For directors like Batra, now is a great time to work in the West when diversity is in demand. Of course, in many of the movies he has done, Batra says he has been the only diverse aspect. He says: “I want to work on movies that are varied in their themes and conversations. Right now, for instance, I am developing a movie with Asian and White actors.” The other aspect that excites him is the long tail that movies have now, thanks to streaming platforms. He also recognises the work his predecessors have done; Mira Nair, for instance. “She has helped by being in those rooms where decisions on money are made. I know people who’ve placed their trust in me because of the work Mira has done.” In fact, he says, in France, when The Lunchbox became the highest-grossing Indian film in history, it was replacing Salaam Bombay from 1989.

Like Mira Nair, Batra clearly makes his films—not just for India, but for a Western audience as well. Film critic and movie programmer Aseem Chhabra says: “The tone of The Lunchbox and Photograph has the definite feel of an American art house indie film. Critics in the West connect with his brand of cinema. The Lunchbox actually did better business in the US than in India. I am not saying he is the only Indian filmmaker who is making films that can appeal to the West. A part of his success also has to do with the fact that The Lunchbox did well at Cannes, and Sony Pictures Classics decided to distribute it. Western critics and distribution houses tend to be lazy. They rarely want to risk watching a film by an unknown Indian filmmaker.”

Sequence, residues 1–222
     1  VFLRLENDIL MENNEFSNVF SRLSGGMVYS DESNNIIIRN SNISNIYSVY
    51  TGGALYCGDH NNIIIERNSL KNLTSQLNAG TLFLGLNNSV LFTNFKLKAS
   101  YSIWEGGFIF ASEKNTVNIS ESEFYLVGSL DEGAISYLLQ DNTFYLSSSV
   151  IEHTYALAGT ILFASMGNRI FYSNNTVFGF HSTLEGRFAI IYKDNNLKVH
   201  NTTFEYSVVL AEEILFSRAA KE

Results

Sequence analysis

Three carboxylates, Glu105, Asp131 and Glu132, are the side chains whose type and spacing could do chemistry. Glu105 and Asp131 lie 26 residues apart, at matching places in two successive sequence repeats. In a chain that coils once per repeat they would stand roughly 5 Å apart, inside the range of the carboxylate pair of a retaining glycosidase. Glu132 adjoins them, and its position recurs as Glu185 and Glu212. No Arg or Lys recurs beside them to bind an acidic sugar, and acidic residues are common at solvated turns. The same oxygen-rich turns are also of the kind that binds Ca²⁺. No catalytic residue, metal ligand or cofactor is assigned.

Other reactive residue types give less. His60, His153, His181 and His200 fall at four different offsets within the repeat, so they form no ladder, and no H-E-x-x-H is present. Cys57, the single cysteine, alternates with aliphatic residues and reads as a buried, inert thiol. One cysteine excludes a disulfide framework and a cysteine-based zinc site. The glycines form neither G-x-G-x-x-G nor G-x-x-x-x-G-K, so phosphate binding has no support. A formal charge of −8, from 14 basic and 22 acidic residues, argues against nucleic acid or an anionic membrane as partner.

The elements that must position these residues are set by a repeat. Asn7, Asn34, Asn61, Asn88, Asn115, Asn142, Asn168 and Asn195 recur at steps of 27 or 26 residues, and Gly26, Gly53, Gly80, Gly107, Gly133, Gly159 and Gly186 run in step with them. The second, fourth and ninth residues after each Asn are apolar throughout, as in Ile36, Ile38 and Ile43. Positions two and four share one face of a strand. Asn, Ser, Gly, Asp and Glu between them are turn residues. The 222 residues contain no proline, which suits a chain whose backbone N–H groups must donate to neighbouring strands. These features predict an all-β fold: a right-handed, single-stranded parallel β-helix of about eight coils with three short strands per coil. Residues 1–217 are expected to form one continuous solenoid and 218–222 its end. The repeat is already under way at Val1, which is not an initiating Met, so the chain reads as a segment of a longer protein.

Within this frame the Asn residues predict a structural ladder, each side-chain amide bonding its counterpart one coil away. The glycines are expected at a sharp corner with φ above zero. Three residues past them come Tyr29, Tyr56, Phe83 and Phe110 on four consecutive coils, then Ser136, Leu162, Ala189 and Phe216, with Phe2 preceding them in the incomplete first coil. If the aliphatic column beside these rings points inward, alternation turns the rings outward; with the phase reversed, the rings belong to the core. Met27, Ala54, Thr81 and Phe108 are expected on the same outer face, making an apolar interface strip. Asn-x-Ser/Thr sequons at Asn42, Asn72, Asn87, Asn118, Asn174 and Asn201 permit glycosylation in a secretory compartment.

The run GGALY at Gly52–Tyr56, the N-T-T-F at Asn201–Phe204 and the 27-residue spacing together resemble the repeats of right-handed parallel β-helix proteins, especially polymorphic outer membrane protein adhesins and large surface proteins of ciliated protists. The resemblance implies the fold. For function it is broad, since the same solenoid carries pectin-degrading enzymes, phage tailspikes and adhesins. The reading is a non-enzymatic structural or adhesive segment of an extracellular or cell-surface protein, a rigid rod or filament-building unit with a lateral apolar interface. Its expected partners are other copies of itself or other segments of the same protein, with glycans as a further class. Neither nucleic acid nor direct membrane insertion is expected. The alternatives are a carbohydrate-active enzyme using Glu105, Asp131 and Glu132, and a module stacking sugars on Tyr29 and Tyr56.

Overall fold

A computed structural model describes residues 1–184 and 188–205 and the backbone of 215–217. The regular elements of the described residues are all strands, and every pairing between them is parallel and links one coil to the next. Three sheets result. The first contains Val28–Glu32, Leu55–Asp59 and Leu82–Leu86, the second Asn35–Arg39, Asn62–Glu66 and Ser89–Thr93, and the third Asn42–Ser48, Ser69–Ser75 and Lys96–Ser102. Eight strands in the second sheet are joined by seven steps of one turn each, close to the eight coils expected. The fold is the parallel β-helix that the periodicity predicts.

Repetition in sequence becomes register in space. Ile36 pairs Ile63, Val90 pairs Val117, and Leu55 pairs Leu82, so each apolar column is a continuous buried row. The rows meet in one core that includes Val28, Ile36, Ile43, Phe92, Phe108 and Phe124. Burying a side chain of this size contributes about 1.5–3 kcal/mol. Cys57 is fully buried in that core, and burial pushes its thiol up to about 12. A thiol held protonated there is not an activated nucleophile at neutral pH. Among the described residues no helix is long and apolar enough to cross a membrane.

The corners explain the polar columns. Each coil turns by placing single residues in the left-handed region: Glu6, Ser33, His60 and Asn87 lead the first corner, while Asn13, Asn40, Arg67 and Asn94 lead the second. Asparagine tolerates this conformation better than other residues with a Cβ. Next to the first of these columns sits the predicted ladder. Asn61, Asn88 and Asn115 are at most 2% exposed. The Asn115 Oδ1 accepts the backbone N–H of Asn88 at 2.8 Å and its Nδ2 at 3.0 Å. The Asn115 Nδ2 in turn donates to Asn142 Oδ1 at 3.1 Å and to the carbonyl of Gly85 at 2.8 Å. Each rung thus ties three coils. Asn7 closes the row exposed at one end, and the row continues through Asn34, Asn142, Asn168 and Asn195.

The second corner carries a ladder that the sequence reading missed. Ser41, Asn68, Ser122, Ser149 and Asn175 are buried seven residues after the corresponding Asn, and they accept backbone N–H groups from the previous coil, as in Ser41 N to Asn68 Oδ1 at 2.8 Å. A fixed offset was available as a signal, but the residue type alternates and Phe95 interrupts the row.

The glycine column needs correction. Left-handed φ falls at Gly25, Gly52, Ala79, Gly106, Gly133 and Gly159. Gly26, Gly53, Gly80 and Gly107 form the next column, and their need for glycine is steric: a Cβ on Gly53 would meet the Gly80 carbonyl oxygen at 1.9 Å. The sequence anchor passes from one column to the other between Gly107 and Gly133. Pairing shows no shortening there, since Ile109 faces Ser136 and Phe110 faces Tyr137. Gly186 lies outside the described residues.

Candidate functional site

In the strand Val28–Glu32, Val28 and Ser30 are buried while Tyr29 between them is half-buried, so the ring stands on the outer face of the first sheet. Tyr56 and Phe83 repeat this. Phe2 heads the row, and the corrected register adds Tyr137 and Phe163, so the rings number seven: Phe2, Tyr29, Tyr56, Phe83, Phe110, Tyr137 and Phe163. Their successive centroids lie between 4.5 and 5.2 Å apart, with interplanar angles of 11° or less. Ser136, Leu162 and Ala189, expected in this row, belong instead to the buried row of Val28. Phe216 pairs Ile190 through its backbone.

Chhabra adds that Batra now has everything working for him—he has the name recognition among critics and audiences in the West. And in any case he is very consciously making films that would have an appeal beyond just India.

Batra is in no hurry. “I don’t spend any time thinking about myself. I like to do my own thing, emerge and then seek financing. I believe in building a career, not a project.’’ He sees great hope for more Indian actors working overseas—from Rasika Dugal to Vijay Raaz to Deepika Padukone. “Talent counts, it’s just a matter of time till more and more Indians make their mark in the West.”

Sanya Malhotra, who has just had her first brush with global recognition, with The Hollywood Reporter declaring her as one of five breakout talents at the Berlin Film Festival this year, says she was a huge fan of The Lunchbox and when she got a call from Batra for Photograph, she was never in two minds about it. “It was something I secretly wished for. I immediately got hooked to the script and loved how beautiful yet simple it was. I couldn’t wait to live the life of Miloni. What I admire most about Ritesh is the means by which he portrays something so charming and delightful, and yet so simple.”

It is precisely these qualities Redford was looking for when he called Batra to direct him and Fonda in Our Souls at Night, reuniting them after almost 40 years since Electric Horseman. And it’s what Julia Roberts will be banking on when she shoots the adaptation of Chris Cleave’s story of a young Nigerian asylum-seeker named Little Bee and a British magazine editor, Sarah O’ Rourke.

“I’ve kind of always done things that I liked,” says Batra. It turns out the world likes what he does too.